Night blood surveys help Indonesia eliminate a disfiguring disease
It’s midnight in Indonesia. Abdul Murin and his family are fast asleep in their home in the Melawi district. There’s a knock at the door.
Murin was expecting this. Local health workers and the village chief had told Murin’s community that teams from the Ministry of Health were conducting a survey.
“We didn’t feel disturbed,” Murin said. “It was actually good that they visited us tonight.”
This was no ordinary survey. The teams were there to draw blood from Murin and his family as they surveyed the area for the presence of lymphatic filariasis (LF), a neglected tropical disease (NTD) spread by mosquitoes. Left unchecked, it can lead to extreme swelling of the legs and other body parts — a condition known as elephantiasis.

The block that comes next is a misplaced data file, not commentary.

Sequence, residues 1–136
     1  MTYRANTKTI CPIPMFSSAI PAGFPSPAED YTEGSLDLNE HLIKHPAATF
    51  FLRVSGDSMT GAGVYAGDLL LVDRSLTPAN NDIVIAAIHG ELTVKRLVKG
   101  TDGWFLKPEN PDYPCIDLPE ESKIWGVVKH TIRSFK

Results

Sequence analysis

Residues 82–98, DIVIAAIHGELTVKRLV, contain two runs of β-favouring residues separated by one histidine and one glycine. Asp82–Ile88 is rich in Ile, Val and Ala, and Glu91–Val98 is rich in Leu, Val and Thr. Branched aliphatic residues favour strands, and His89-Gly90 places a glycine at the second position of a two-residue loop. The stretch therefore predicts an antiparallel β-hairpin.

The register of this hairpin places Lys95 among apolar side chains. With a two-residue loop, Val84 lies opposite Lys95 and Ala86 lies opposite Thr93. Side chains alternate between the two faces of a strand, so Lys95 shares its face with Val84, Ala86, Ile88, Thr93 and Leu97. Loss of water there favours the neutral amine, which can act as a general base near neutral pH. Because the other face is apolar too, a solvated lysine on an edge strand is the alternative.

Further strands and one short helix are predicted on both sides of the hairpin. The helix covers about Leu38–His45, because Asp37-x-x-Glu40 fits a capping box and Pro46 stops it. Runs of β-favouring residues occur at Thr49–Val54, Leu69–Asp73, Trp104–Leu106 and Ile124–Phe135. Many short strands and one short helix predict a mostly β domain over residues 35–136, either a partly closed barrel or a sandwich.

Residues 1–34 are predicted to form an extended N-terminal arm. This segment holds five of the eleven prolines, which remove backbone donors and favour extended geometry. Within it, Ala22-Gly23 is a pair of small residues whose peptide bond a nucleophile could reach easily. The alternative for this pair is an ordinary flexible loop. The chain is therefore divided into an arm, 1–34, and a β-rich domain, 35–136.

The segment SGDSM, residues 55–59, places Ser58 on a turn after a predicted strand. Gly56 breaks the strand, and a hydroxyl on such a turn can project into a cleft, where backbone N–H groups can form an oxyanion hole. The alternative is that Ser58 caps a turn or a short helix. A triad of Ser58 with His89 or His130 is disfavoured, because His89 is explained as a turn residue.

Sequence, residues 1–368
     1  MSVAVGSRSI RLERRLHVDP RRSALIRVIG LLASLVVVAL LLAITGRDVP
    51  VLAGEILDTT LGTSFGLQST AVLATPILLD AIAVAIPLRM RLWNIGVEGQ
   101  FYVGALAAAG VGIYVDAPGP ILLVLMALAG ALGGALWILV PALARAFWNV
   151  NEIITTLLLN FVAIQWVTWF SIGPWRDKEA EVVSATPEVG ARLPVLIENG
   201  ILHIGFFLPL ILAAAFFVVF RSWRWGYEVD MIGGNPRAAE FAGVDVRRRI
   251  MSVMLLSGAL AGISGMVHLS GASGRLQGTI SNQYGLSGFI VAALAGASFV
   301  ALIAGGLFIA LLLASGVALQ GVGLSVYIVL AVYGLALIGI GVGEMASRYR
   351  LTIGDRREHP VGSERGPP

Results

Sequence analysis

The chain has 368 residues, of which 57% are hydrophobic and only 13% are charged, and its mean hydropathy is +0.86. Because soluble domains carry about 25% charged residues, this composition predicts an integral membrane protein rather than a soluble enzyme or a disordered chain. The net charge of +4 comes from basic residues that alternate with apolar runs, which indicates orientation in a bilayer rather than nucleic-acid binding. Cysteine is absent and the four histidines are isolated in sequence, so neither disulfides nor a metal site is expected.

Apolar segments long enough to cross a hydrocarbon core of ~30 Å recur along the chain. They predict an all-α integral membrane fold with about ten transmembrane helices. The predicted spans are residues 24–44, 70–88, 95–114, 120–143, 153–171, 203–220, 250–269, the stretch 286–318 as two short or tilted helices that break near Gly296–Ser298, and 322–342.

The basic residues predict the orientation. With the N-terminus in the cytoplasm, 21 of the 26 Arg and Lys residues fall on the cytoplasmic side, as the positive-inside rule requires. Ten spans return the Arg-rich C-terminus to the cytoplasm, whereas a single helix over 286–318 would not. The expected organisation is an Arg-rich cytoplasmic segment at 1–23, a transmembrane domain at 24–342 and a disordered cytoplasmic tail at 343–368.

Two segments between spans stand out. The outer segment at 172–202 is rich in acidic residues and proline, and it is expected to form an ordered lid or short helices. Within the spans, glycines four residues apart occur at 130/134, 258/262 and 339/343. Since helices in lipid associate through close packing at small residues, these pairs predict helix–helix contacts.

LF is endemic in Melawi and 236 other districts in Indonesia, the world’s largest island nation and fourth most populous country.